The need to master time and billing is about as certain as death and taxes for the solo or small firm attorney. Whether you are just starting out in your practice, or looking for ways to improve the efficiency of your practice, it is helpful to evaluate your time and billing habits and identify ways to improve them. Increasing your efficiency, even just a little bit, adds up quickly. Let’s say you bill at $200 an hour, and you capture an extra quarter of an hour every day (just 15 minutes) You gain $50 a day, $250 a week, a little over $1,000per month, and $13,000 a year—for just one timekeeper. If you have four attorneys at your firm, that amounts to $52,000 a year.
1. Write Out Your Policy for Capturing Time and Billing
Writing your policy down not only prompts you to clarify the policy, but it also creates a standard and an expectation for yourself and your employees. You can customize your policy to meet your needs. You may want to require everyone on your staff to account for hours, even the non-timekeepers. You may want to outline what you will or will not bill clients for. Having the policy written down also helps train new attorneys or employees as they come on board.
2. Track All of Your Time
This is a good idea especially if you are just starting out. Once you capture everything, you can categorize it as billable or not. Your nonbillable but traceable time may include categories like:
- Firm administration
- Firm marketing
- Bar association activities
Your billable time can be categorized with descriptions like:
- File review
- Document prep
- Document review
- Trial prep
These, along with any other number of categories, should be accompanied with some further description so that when your client gets their bill, they have a better understanding of what it covers. For instance, rather than merely entering “Document Review,” you may want to enter “Document Review – Client’s Interrogatories.”
Another advantage to tracking all of your time is that it simplifies your routine. You do not have to evaluate at the end of each activity whether it is something you should account for. If you track everything, you can set realistic goals, identify the black holes that are sucking away your billable hours, and reallocate nonbillable routine tasks that may be better handled by support staff.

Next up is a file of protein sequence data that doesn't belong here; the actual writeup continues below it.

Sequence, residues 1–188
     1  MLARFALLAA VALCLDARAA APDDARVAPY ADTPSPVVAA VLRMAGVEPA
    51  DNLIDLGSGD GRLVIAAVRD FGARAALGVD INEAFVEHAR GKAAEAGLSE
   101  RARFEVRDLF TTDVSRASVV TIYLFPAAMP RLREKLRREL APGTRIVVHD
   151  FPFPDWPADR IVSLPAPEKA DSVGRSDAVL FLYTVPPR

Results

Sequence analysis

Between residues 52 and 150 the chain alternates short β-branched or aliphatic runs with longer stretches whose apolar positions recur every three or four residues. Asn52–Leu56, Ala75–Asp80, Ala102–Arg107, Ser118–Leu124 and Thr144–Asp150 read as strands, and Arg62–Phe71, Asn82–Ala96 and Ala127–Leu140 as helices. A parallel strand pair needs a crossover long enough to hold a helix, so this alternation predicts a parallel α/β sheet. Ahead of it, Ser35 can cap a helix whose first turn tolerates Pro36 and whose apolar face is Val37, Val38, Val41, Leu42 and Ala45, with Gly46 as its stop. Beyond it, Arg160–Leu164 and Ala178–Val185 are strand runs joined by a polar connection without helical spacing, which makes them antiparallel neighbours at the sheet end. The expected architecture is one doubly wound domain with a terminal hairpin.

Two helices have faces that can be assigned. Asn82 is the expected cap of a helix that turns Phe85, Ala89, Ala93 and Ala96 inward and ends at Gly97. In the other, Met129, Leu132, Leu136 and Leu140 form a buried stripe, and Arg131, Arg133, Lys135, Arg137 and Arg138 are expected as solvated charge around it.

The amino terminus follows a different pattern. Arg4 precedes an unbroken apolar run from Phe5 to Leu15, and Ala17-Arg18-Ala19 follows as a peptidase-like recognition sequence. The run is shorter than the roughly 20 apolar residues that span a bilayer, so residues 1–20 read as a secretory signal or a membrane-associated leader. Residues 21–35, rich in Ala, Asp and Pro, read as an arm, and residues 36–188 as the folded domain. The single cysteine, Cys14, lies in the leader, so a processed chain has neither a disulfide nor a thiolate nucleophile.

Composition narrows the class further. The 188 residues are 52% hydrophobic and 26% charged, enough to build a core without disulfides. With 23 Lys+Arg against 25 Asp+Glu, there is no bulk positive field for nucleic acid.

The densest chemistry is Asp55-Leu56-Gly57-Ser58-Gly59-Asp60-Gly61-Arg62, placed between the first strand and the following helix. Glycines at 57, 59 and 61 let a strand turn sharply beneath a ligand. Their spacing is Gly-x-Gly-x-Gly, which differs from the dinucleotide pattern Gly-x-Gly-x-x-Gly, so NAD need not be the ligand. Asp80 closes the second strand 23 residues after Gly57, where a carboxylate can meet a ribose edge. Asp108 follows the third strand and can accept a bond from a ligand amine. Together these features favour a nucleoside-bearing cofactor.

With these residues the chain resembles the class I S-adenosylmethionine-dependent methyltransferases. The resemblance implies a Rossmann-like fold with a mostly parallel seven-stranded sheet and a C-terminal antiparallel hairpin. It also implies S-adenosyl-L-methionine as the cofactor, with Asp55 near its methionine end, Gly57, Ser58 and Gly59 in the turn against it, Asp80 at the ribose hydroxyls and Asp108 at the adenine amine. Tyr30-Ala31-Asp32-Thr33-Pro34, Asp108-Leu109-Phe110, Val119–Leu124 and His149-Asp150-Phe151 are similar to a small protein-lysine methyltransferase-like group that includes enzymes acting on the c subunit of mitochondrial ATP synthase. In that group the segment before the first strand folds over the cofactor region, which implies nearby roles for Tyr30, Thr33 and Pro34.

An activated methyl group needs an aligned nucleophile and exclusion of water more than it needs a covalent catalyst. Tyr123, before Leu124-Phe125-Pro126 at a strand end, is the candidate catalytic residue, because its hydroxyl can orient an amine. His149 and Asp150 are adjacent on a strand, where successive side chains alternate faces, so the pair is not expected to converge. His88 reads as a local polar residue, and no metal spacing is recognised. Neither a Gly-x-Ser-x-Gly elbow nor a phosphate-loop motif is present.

3. Identify a Time Recording Systems That Work and Use Them
If you or your staff member is not particularly comfortable with technology, then use manual logs. You can keep paper forms around and measure by start/stop time or have entries for time incurred in tenths of the hour, along with a few blank lines for a description of the matter and work performed. Manual systems are old fashioned, but they have the advantage of being simplistic. Because you will have to eventually put the manual entries in to some digital format in order to enter them into a bill, consider formatting your manual forms the way your bills appear, or set up your time keeping system to make adding the entries easier.
If you are comfortable with the technology, there are numerous time and billing software options out there to assist you. Some popular choices include:
- Tabs3 Billing
- Amicus Attorney
- TurboLaw Time and Billing
The right one for you is somewhat subjective. It depends on whether you want mobile access, how many people will be using the software, whether the software synchronizes with any case management or financial management software you may use, how you prefer your bills to appear, and various other factors. If you do not have a system in place already, then we recommend you try a few out. Most of these systems will offer a free trial for you to sample the system and gauge whether it is a good fit for your firm.
4. Don’t Forget IOLTA Trust Accounting
If at all possible (and it is possible), you should integrate your trust accounting system and the system you use for billing. These two functions are heavily integrated in the legal world, and they should be integrated in your tracking system. You need to keep an individual ledger for each client so specific funds can be identified. Your client’s bill or invoice should include an accounting summary of your client’s trust funds if they have been applied.
5. Consider Alternative Billing Methods
There are more options out there then just your traditional hourly billing. Hourly billing is usually more comforting to the client because it equates the fees to the work performed, but it does not always equate to the value of services from the client’s perspective. Some alternative billing methods include:
- Alternate or Flat Fee Billing
Clients generally prefer predictability in their bills whenever possible. There are no guarantees in law though (except maybe the aforementioned death and taxes.) If after the initial client interview, the matter seems fairly routine (a probate, for example) you may want to consider a flat fee arrangement. If you go this route, you should include contingencies in case the matter deviates down a complicated path, and outline what is covered by the fee arrangement in your engagement letter.
These are just a handful of tips to assist you in building the pillars of your law practice. Whichever route you choose, and however you structure your practice, you should give careful thought and planning to your time and billing strategy. The business of practicing law is not new, but the tools available are changing, so remember to reevaluate your strategy as your practice grows.